30-Year-Old Outfielder – Free Agent
2018 Fantasy Baseball Outlook
Jackson had a strong triple-slash line in 2017 thanks to some increased effectiveness against lefty pitchers (.352/.440/.574). Cleveland utilized him in a fourth-outfielder capacity expertly and set h...
Austin Jackson Contract Information:
Signed a $1.5 million minor-league deal, including $4 million in incentives, with the Indians in January of 2017.
Jackson is not in the lineup for Thursday's game against the Yankees.
To instantly reveal our fantasy analysis of every player – including Austin Jackson – simply subscribe now.
|2014 (Multiple Teams)||27||MAJ||DET/SEA||154||656||597||71||153||40||30||6||4||47||20||6||47||144||1||9||2||.256||.308||.347||.655|
|2015 (Multiple Teams)||28||MAJ||SEA/CHC||136||527||491||56||131||37||25||3||9||48||17||10||29||126||3||1||3||.267||.311||.385||.696|
|2018 RotoWire Projections||Subscribe now to see our 2018 projections for Austin Jackson|
|Career (View All)||999||4,278||3,853||592||1,060||315||201||52||62||349||111||42||348||987||28||28||21||.275||.336||.403||.739|
Austin Jackson: MLB Games Played By Position
Austin Jackson Split Stats (View Full Split Stats)
|Year||Age||Lg||Tm||PA||AB||Walk Rate||Strikeout Rate||BB/K Ratio||Contact Rate||BABIP||Isolated Power|
|2014 (Multiple Teams)||27||MAJ||DET/SEA||656||597||7.2%||22%||0.33||76%||.325||.091|
|2015 (Multiple Teams)||28||MAJ||SEA/CHC||527||491||5.5%||23.9%||0.23||74%||.342||.118|
|2018 RotoWire Projections||Subscribe now to see our 2018 projections for Austin Jackson|
Austin Jackson Defensive Stats
|Year||Pos||Inn||PMFinal (?)||EXP Tot (?)||PM (?)||AirPM (?)||EPM (?)||InnHome (?)||PMH (?)||InnLHP (?)||PMLHP (?)||LEFT (?)||MID (?)||RGHT (?)|
|Year||Pos||SHAL (?)||MED (?)||DEEP (?)||CERS (?)||SBRS (?)||PSBRS (?)||BRS (?)||GDPRS (?)||OFARS (?)||GFPDMERS (?)||PMRS (?)||SZRS (?)||TRS (?)|
2017 Stat Review for Austin Jackson As compared to the top 200 hitters in 2016 (min 410 PA)
Patience at the plate often leads to positive outcomes.
A couple of useful stats for evaluating a hitter.
Good contact skills often lead to better fantasy stats.
SLG and ISO are useful indicators of power.
2018 Projected Stats Breakdown for Austin Jackson
2018 projections compared to top 200 hitters in 2016 (min 410 PA)
2018 projections compared to top 100 outfielders in 2016 (min 325 PA)
Austin Jackson: Past News Updates ( ▲ View most recent update )
RotoWire's Preseason Outlooks
In his seventh big league season, Jackson maintained a fairly prominent role in the White Sox outfield prior to a string of injuries. He got off to a horrific start to the season, but picked things up in May by getting on base at a .347 clip. Things went south quickly, however, as he was sidelined with a bout of turf toe in late May, and then suffered a torn meniscus just two games after returning from his prior ailment, putting an end to his season. With his season cut short, Jackson was forced to head into free agency with a middling .254/.318/.343 to go with no home runs and a career-low two stolen bases. The 2010 Rookie of the Year runner-up certainly seems to be on the decline, although he could work his way into a reserve outfielder role with the Indians after signing an NRI deal with them over the offseason. His fantasy value is limited until he can work his way into a semi-prominent role with Cleveland, though.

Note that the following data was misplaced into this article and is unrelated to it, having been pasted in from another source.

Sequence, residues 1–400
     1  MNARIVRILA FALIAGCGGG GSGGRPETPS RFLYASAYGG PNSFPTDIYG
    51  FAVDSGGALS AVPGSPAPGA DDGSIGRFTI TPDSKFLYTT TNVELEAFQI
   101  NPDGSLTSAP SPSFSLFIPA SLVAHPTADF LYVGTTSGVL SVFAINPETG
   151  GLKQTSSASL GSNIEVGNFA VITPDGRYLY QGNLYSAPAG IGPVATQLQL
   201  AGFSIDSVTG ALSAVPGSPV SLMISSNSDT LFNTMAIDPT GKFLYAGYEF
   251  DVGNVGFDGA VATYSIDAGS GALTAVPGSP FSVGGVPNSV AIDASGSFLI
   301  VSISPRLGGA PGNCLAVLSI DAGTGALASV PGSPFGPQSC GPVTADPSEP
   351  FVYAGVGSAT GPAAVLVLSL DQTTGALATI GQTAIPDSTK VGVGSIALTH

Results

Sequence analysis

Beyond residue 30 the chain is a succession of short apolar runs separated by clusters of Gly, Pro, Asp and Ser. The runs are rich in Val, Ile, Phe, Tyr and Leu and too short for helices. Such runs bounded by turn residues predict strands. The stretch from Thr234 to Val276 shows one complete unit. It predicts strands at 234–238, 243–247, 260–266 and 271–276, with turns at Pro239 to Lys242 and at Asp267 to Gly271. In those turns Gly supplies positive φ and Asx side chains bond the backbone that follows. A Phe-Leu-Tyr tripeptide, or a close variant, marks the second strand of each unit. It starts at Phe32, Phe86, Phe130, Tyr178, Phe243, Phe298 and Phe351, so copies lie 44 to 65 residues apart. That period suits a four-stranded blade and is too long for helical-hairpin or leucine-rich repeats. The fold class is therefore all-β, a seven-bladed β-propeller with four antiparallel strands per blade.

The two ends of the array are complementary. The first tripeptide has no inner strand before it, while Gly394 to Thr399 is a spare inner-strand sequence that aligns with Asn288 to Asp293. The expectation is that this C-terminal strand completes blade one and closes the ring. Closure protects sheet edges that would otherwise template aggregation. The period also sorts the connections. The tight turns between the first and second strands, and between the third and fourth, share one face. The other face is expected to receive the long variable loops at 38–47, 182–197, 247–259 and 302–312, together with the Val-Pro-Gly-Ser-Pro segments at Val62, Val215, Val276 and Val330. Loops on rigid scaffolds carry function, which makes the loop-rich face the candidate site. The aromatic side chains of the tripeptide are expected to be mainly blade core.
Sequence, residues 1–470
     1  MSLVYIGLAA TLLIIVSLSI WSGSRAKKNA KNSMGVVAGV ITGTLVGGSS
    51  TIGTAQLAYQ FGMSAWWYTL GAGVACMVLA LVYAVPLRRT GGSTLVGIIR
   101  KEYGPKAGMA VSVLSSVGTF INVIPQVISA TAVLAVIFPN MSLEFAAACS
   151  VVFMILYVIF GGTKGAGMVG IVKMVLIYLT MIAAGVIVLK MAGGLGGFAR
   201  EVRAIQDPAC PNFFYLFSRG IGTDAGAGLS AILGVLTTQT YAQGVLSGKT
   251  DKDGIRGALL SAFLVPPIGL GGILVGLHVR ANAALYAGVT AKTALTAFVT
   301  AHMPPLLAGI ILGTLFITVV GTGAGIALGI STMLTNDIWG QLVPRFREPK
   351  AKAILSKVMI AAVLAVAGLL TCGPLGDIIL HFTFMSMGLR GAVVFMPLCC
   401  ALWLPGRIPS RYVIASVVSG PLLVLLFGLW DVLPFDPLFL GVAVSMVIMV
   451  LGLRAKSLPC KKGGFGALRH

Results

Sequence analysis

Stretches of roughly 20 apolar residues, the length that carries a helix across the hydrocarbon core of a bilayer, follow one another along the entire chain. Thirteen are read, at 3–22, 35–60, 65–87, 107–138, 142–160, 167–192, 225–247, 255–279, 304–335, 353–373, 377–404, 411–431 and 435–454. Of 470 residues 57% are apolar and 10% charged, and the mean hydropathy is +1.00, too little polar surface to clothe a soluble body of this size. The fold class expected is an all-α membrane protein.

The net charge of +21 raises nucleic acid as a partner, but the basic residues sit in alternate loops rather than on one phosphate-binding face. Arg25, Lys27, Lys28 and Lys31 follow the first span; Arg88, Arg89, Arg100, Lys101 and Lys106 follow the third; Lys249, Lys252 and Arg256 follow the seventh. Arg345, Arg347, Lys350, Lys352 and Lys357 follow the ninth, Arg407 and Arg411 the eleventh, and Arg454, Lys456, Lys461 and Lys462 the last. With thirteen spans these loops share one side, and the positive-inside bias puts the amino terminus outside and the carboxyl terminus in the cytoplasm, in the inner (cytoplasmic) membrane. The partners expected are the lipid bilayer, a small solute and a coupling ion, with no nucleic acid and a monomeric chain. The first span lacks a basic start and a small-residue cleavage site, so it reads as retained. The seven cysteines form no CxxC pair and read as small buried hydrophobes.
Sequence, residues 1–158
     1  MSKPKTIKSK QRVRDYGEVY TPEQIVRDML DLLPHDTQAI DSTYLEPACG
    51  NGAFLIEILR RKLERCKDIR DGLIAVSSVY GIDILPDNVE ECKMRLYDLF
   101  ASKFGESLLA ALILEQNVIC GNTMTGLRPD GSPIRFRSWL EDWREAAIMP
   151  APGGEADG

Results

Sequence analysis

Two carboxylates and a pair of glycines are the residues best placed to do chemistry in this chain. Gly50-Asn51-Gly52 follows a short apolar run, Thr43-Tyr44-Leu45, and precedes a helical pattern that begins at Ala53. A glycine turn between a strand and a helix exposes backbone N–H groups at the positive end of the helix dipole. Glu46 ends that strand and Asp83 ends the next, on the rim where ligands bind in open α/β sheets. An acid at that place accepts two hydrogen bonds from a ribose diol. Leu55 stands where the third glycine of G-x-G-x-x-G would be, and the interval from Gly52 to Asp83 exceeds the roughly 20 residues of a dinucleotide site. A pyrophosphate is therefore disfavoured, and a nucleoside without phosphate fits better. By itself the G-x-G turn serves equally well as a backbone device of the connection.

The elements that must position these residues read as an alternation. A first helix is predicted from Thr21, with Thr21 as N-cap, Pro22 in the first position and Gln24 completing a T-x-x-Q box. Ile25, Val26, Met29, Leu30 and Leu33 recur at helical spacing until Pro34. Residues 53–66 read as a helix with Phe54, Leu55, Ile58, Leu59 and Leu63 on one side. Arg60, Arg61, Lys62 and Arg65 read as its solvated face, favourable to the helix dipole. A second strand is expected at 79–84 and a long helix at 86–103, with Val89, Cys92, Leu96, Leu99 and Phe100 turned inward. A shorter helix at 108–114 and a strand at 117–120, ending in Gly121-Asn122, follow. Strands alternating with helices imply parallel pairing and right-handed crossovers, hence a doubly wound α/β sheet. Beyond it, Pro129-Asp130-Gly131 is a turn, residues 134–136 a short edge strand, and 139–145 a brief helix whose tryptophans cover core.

Jackson spent most of last year with Seattle before coming over to the Cubs at the end of August. Though he can steal bases and has a little pop, his walk rate has been steadily declining while his strikeout rate - terrible to begin with - is growing. In 2012, when he hit 16 home runs and batted .300, he had a somewhat respectable 67:134 BB:K. Last year, it plummeted all the way to 29:126 BB:K. That's fine for a player hitting 40 home runs, but it's downright criminal if you have just nine and you're trying to get on base. He signed a one-year deal with the White Sox this season, and has a shot to earn a semi-everyday role, especially following Adam LaRoche's retirement. However, there is little to point to that suggests he will be very productive on offense on the South Side.
Jackson was acquired at the trade deadline last year and immediately became the Mariners' best defensive outfielder. His bat, though, never made the trip from Detroit. After posting a .390 OBP for the Tigers in July, the Mariners' new leadoff hitter finished with a .267 OBP in Seattle. His SLG dropped to a mere .260 as he had just six extra-base hits with the Mariners. The only thing Jackson did better was steal bases – 11 to 9 in about half the games. It's unclear what caused his offensive woes, though better plate discipline and better contact will help after he struck out in 25 percent of his plate appearances with the Mariners with a mere five percent walk rate. Jackson's defense will keep him in the lineup, but the Mariners need the bat they thought they were getting atop the lineup.
After taking an apparent leap in 2012, Jackson took a step back last year. As expected, his .374 BABIP dropped to a more sustainable .336 mark, which led to a drop in batting average from .300 to .278. Jackson also saw a dip in power, clearing the fence just 12 times. But the most disappointing aspect of Jackson’s 2013 campaign was his career-low total of eight steals. A couple of minor lower-body ailments, and an ex-Tigers manager's general reluctance to run likely played a factor into Jackson’s limited action on the basepaths. He still has plenty of speed, though, and with a new manager (Brad Ausmus) at the helm in Detroit, Jackson could be given more freedom to run. Even if given the green light, Jackson will have to improve his plate discipline and start getting on base more. While he has made strides at the plate the past couple years, Jackson remains far too strikeout prone (0.40 BB/K) for a leadoff hitter, which could lead to a drop in the batting order in 2014. If Jackson does get moved out of the leadoff spot, he will likely score fewer runs – easily his best category since cracking the Tigers' lineup. Still, at 27, Jackson is just now entering his prime. He remains a stellar defensive player for the Tigers and has flashed potential for better production at the plate and on the bases. His down campaign in 2013 will lead to less hype heading into draft season, but there’s still plenty of upside here to target Jackson as a breakout candidate once again in 2014.